You are searching about What Should A Wrestler Eat To Gain Muscle And Weight, today we will share with you article about What Should A Wrestler Eat To Gain Muscle And Weight was compiled and edited by our team from many sources on the internet. Hope this article on the topic What Should A Wrestler Eat To Gain Muscle And Weight is useful to you.
High School Wrestling: Peaking for the End of the Season
During my senior season of wrestling in high school, I “peaked” at just the right time. I was conference champion, section champion and district champion. By winning the district tournament I qualified for the state tournament. I was beaten 5-2 in the first round and never had the chance to wrestle. However, I had improved over the previous seasons. During my sophomore year I placed 4th in conference and placed 3rd at sectionals. During my junior year, I placed 2nd in conference and placed 3rd at districts. I always ran out of steam and motivation towards the end of the season and never qualified for the state tournament. What was the change in my senior season?
First, I had much better control of my diet during my senior season. I counted calories and slowly lost weight. I never went a day without food. I was never starving or dehydrated. I didn’t feel weak at the end of the season. I just got stronger. That’s why my attitude was also different. I was confident and I had a true desire to qualify for the state tournament. The two previous seasons I felt weak and just didn’t want it bad enough.
How can a wrestler peak before the end of the season? Let’s examine things a bit.
Periodization simply involves planning your training for the season or even the entire year. The season is divided into different phases. Tudor Bompa states, “Normally a peak performance is scheduled to be reached during the competitive phase and cannot be maintained forever.” Similarly, Mark Ginther states, “Peak condition is impossible to maintain for more than a few weeks at the longest.” Of course you want to win every game. Additionally, you want to be in excellent condition. However, you can’t be in top condition all season long. Therefore, your coach will likely have you do a higher volume of work early in the season. Towards the end of the season, you will probably do a lower volume of work, but with a higher intensity. Your ultimate goal is to peak for the post-season tournaments such as sections, districts and state.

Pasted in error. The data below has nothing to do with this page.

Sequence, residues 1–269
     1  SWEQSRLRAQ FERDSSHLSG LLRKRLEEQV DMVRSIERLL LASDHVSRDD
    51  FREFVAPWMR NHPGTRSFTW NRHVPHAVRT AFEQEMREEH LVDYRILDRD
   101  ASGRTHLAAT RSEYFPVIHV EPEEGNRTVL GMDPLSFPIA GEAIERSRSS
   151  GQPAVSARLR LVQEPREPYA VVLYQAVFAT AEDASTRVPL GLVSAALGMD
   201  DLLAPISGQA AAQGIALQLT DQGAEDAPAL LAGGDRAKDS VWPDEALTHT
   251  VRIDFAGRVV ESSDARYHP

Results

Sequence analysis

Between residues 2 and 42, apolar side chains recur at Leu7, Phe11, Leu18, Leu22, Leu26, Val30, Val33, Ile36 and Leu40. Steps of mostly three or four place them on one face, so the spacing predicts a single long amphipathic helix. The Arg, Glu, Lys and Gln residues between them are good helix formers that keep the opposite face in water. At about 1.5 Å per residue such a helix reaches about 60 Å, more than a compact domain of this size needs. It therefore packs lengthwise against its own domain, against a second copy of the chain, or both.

As I mentioned, your volume of work needs to go down if you want to peak after the end of the season. However, your workouts can be more intense. Intensity and brevity is key. Towards the end of the season you can start thinking more about game strategy. You can start to practice “situations” that could arise in a match. What will you do when you are one point ahead in the bottom position with only ten seconds left in the game? You should most likely do a stand up. You obviously don’t want to do a granby roll and try to pin your opponent. You have to be smart and keep that one point lead.
Drilling is important for peaking. If you religiously drill your moves during the season, they will become second nature. Winning these post-season competitions will be easier if your technique is flawless and comes naturally.
Recovery involves many things. Make sure you get enough rest. Ideally, you should get eight to ten hours of sleep every night. Some wrestlers find that contrast showers (alternating hot and cold water) are helpful after practice. A warm bath before bed can be soothing and can help you sleep better. In addition, do not forget about nutrition.
Intense wrestling and conditioning depletes muscle glycogen and breaks down muscle tissue. Therefore, after exercise, be sure to consume some protein and carbohydrates. A shake made of whey protein and a fast-digesting carbohydrate source can be beneficial after wrestling practice in regards to recovery.